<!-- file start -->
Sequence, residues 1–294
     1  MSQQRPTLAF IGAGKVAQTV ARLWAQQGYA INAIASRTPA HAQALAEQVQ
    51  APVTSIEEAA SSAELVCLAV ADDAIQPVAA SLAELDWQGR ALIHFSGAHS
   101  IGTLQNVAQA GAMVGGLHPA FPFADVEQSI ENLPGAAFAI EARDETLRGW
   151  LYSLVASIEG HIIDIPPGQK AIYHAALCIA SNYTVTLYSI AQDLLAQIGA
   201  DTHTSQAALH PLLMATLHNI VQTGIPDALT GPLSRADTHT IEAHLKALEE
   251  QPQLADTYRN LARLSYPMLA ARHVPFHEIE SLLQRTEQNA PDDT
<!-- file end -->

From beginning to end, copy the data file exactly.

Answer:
Sequence, residues 1–294
     1  MSQQRPTLAF IGAGKVAQTV ARLWAQQGYA INAIASRTPA HAQALAEQVQ
    51  APVTSIEEAA SSAELVCLAV ADDAIQPVAA SLAELDWQGR ALIHFSGAHS
   101  IGTLQNVAQA GAMVGGLHPA FPFADVEQSI ENLPGAAFAI EARDETLRGW
   151  LYSLVASIEG HIIDIPPGQK AIYHAALCIA SNYTVTLYSI AQDLLAQIGA
   201  DTHTSQAALH PLLMATLHNI VQTGIPDALT GPLSRADTHT IEAHLKALEE
   251  QPQLADTYRN LARLSYPMLA ARHVPFHEIE SLLQRTEQNA PDDT